Let’s pose another awesome group, Glass Animals, as an example, newer as they may be. First up is the track that had everyone’s attention right off, “Gooey”, followed by the first release we heard of their new album, “Life Itself”.
Between both tracks we can hear a lighter energy in “Life Itself” while still maintaining their animalistic, drum-based aesthetic, and as an early introduction to How to Be a Human, I know fans of Glass Animals everywhere were stuh-OKED. It’s as if my creative dilution theory doesn’t even hold water! But let’s explore.
Their sophomore album, How to Be a Human Being, releases today, 26 August 2016; their debut album, Zaba, released 6 June 2014; and these insane motherfxckers have been touring/playing shows every couple of days since February 2014, and are set to continue this schedule until at least mid-December 2016. ARE YOU FXCKING KIDDING ME? When did these people find time to even finish conceptualizing enough material with such a schedule, let alone PERFECT AND RECORD IT? And somewhere in the midst of ALL of that, they even found time to produce a one-off hip hop mini-masterpiece with Joey Bada$$, “Lose Control”.
When I heard their second single from album #2 dropped on SiriusXMU a little over a month ago, I couldn’t wait to devour it! So I drove around with the volume maxed out and my bass off so I could hear everything in detail… and was quickly… left pretty neutral.
Mind you, the melodic runs and beats on this track are absolutely mesmerizing. One of Glass Animals’ greatest strengths is the ability to layer intricate instrumentation so well that it’s like an aural puzzle rather than an assault. And Edmund Irwin’s vocal stylings are strong, as always! But the lyricism is not there for me. Despite some playful alliteration (which I’m clearly fond of), the thought seems to have been rushed, and the end result is a mashup of instrumentation and vocals which are not really… complementary, I suppose. While enjoyable, the track simply feels unfinished compared to their other work — like maybe they had a couple fabulous unfinished ideas they wanted to expedite — and it leaves me apprehensive for the flow of the album as a whole.
Sometimes it is better to take longer to complete a task, generate consumable content, or fully flesh out a concept to the chagrin of those concerned with the bottom line, than it is to rush and release.
All this being said, it hasn’t escaped me that utilizing yet another form of social media to express my thoughts on a matter, in a manner that would have been unheard of outside of a printed entertainment production just 15 years ago, is a threat to my entire premise.
How can I, a music blogger of all people, raise concern over a practice bloggers are notorious for: exploiting social media and the ability to acquire freshly minted material from our favorite and/or new artists as a means to race to be the first to promote the latest and greatest fxcking anything… ESPECIALLY MUSIC.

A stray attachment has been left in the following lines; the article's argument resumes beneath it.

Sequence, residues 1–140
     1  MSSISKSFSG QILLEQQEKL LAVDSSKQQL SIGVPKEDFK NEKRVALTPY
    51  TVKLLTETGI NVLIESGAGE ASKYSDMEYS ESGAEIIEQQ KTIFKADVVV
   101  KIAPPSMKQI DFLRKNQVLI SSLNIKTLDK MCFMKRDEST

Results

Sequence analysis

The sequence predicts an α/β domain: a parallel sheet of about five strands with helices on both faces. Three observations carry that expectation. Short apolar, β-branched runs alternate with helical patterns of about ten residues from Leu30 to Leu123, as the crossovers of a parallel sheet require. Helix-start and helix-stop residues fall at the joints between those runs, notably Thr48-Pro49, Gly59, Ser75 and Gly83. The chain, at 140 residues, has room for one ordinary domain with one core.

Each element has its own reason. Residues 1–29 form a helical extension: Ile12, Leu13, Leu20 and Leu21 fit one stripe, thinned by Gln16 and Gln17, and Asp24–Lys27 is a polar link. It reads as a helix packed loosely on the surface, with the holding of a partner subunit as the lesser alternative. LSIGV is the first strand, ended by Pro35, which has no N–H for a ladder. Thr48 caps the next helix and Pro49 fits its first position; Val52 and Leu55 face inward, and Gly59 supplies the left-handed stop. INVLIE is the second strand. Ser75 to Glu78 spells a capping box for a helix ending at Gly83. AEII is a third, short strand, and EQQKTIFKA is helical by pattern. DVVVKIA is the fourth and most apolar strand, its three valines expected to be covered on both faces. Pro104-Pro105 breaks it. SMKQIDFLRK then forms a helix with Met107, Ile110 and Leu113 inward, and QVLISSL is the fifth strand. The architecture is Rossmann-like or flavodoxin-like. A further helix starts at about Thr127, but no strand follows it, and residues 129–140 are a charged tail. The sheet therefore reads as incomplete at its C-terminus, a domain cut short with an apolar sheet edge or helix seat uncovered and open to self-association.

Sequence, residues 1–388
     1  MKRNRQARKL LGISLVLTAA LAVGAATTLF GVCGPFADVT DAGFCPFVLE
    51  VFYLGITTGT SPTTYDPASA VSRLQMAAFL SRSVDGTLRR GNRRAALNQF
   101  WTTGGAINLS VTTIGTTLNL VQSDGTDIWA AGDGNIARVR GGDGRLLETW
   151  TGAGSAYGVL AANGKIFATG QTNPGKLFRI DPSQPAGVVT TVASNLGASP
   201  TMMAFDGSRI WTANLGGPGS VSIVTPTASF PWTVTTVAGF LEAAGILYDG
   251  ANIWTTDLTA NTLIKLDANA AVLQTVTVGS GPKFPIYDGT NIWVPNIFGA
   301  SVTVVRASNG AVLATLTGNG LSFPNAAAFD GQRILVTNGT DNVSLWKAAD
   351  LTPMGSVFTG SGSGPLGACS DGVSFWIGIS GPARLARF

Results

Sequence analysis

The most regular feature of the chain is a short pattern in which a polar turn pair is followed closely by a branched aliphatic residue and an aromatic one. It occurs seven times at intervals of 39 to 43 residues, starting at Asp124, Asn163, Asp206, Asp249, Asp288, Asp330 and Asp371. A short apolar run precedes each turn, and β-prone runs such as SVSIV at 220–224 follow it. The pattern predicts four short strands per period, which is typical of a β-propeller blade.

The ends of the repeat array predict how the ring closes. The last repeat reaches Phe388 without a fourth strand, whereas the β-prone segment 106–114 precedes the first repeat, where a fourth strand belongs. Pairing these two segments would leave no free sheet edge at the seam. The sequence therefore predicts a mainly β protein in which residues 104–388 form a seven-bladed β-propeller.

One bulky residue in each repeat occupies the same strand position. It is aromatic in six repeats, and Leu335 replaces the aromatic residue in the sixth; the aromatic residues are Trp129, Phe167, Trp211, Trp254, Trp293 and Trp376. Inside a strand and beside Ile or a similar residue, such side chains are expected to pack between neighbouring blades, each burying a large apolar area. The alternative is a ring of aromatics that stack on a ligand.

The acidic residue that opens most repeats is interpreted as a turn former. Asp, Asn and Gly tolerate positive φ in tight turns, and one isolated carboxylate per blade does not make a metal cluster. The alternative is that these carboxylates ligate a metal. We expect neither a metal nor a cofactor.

This is the consumer-catering environment we’ve cultivated within the artistic world. My entire argument is meant to challenge us all, myself especially, in recognizing that fast fashion is not just for clothing any longer, but the artists we pounce on so quickly are now disposable, as some crumble under the pressure and abdicate their projects.
All the same, there are many who exploit this seemingly flash-in-the-pan trend of late within their respective areas of interest by flooding the market with really subpar crap, expecting others to pounce on it simply because it’s new. Oh my God, does it happen, too!
Thinking of musical giants like David Bowie and Prince (may they both rest in peace), Fleetwood Mac, The Eagles, and The Rolling Stones, a quick Google search will reveal their discographies contain album release dates also 2-3 years apart. Remember: they were not in a world of endless death-by-technology. Time and some peace-and-quiet are crucial to the creative process, after all! I’m not even saying that a couple albums were devoid of some filler pieces, either… I’m just saying these highly regarded albums of yesteryear boast consistently high levels of quality as well as stylistic evolution and maturation, which makes the artists/groups timeless and unforgettable.
What are your thoughts on my creative dilution theory? Am I talking out my ass (not uncommon), or do you feel there is some truth to what I’m saying; as an artist, consumer, or a little bit o’ both? Drop me a line!